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Works and Days

As Predictable as Clockwork — the Obama three-step

January 26th, 2010 - 1:02 pm

I think we could see what was coming. This presidency has about as much subtlety in plot as a grade-B western, soap opera, or teen-age tantrum.

Stage One: A lackluster McCain candidacy, the September 2008 meltdown, weariness with eight years of Bush incumbency, conservative anger over spending, liberal furor over Iraq, a toady media, and Republican congressional corruption all led to a 50/50 electorate that was open to being mesmerized by Obama’s rhetoric and the dream of the nation’s first African-American president.

With congressional majorities, a compliant press, soaring public support, a soon-to-be President Obama was convinced, as he had been convinced by his success in the Ivy League, in Chicago, and in the Senate (surely praise in Cambridge means those in Toledo would be similarly wowed), that he had a left-wing mandate and he could hope and change his way to almost anything he wanted — thin record, self-contradictions, constant inconsistencies, and general confusion be damned.

The hard left was salivating that at last they had an effective delivery system that could usher in a long awaited European socialism.  So what followed was predictable: In his hubris, Obama cast off the campaign mask of moderation. Thick and fast came proposals for state-run health care, government take-overs, talk of nationalizing the student loan program, bailouts, mega deficits, more borrowing as stimulus, multicultural mea culpas abroad, loony symbolic appointments, and promiscuous talk of higher income, payroll, inheritance, and health-care taxes, but only on “them.”

In other words, we saw in a trendy, new cool form, the age-old attempt to institutionalize an equality of result, as freedom and liberty give way to mandated egalitarianism and fraternity.

But wait — two thorny problems arose.

(1) The country not quite yet is left-wing, but voted for Obama for the perfect-storm reasons outlined above. Anyone who had read the history of America could see that it was always a different sort of place than France, Germany, or Sweden — at least for a while longer.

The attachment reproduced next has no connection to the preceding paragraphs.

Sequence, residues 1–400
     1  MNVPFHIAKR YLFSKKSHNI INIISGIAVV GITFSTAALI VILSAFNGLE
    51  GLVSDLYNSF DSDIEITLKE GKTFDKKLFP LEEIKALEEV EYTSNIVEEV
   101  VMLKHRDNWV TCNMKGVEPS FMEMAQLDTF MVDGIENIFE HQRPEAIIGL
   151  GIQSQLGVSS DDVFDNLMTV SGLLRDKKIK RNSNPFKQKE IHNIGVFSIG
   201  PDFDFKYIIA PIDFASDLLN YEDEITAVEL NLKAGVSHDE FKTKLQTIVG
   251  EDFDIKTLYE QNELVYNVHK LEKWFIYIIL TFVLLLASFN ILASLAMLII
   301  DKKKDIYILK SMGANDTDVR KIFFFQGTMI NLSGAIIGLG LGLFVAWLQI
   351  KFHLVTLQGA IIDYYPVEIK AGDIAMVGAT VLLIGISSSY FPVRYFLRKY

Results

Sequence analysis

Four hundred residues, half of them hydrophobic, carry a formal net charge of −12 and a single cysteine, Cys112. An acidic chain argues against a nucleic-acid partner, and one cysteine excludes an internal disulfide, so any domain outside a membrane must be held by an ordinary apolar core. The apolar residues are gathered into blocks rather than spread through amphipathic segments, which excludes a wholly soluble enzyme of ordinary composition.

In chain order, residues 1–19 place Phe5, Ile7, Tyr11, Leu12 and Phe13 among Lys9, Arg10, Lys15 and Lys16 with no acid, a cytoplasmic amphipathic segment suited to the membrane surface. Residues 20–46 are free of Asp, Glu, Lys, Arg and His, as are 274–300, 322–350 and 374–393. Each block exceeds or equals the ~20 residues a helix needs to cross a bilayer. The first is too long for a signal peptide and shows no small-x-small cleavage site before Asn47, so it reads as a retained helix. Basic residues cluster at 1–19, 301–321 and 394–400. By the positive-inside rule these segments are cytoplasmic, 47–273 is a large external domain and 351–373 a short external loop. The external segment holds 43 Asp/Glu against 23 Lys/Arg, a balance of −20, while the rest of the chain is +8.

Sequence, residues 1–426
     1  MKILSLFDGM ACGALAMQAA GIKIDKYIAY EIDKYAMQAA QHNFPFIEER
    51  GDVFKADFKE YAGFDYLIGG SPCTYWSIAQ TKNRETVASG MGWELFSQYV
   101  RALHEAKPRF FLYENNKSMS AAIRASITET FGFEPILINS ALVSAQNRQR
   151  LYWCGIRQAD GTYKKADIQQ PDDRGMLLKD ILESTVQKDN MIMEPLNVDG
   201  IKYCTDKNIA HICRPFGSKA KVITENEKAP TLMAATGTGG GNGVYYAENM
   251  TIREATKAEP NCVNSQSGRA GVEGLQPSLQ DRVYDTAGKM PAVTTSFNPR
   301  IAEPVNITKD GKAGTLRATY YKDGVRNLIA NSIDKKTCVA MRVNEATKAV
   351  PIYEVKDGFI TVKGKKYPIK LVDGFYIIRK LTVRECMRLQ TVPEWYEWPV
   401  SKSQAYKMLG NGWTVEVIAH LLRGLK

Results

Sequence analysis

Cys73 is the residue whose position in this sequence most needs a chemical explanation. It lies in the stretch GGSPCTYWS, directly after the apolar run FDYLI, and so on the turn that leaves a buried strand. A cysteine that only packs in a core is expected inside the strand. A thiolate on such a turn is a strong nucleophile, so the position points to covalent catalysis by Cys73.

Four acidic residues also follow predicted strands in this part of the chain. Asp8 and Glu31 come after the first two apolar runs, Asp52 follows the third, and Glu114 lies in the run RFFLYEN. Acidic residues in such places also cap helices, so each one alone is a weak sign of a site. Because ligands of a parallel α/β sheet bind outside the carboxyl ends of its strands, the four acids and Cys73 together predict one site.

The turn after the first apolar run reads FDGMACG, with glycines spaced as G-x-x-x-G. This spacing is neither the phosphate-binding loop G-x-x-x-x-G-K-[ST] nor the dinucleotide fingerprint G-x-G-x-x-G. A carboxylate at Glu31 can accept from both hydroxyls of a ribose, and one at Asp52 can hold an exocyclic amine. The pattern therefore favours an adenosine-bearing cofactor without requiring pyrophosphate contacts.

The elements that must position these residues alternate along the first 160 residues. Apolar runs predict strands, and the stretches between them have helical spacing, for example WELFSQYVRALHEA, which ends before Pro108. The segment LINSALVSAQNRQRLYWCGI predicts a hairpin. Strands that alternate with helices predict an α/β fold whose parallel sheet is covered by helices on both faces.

(2) So to ram down a left-wing agenda, the thespian Obama would have to continue his role as the bipartisan healer, centrist, reformer, purple-state uniter, transracial unifier, etc. But, alas, instead old habits die hard; and the public soon began here and there to get glimpses of the old reality behind the new mask.

The wages of years with Rev. Wright and Bill Ayers, the easy path through the Ivy League, the Axelrod at our throat politics, and the snow job that had wowed deans, philanthropists, and tony suburbanites all reappeared. How could they not? Still, if one is going to hypnotize the electorate to sleep-walk them into Belgium, then one cannot in Pavlovian fashion revert back to hard-left idolatry.

So even as Barack Obama sought to convince the farmer, plumber, and insurance agent to accept state health care, a landscape of windmills, and an EU-foreign policy, he slipped back into his old self. Thus we got the nut Van Jones and his racist, truther bombast. Anita Dunn praised Mao. Commissars at the NEA boasted of the new Caesar.

Stimuli were in part apportioned on red state/blue state agendas.

The Skip Gates incident prompted the president to trash the police first, and get the facts second. Creditors were politically rescheduled for bailed-out businesses. The president thoughtlessly weighed in on everything from the Special Olympics and the tea party movement to Fox News and America’s purported sins.

Suddenly we were no longer exceptional, but the Muslim world in fact had jump-started the Renaissance and Enlightenment. The old bad guys — Ahmadinejad, Assad, Castro, Chavez, and Putin — earned new kind talk; the prior president was reduced to contemporary satanic status. Readers, you can cite far more footnotes to these now run-of-the-mill absurdities.

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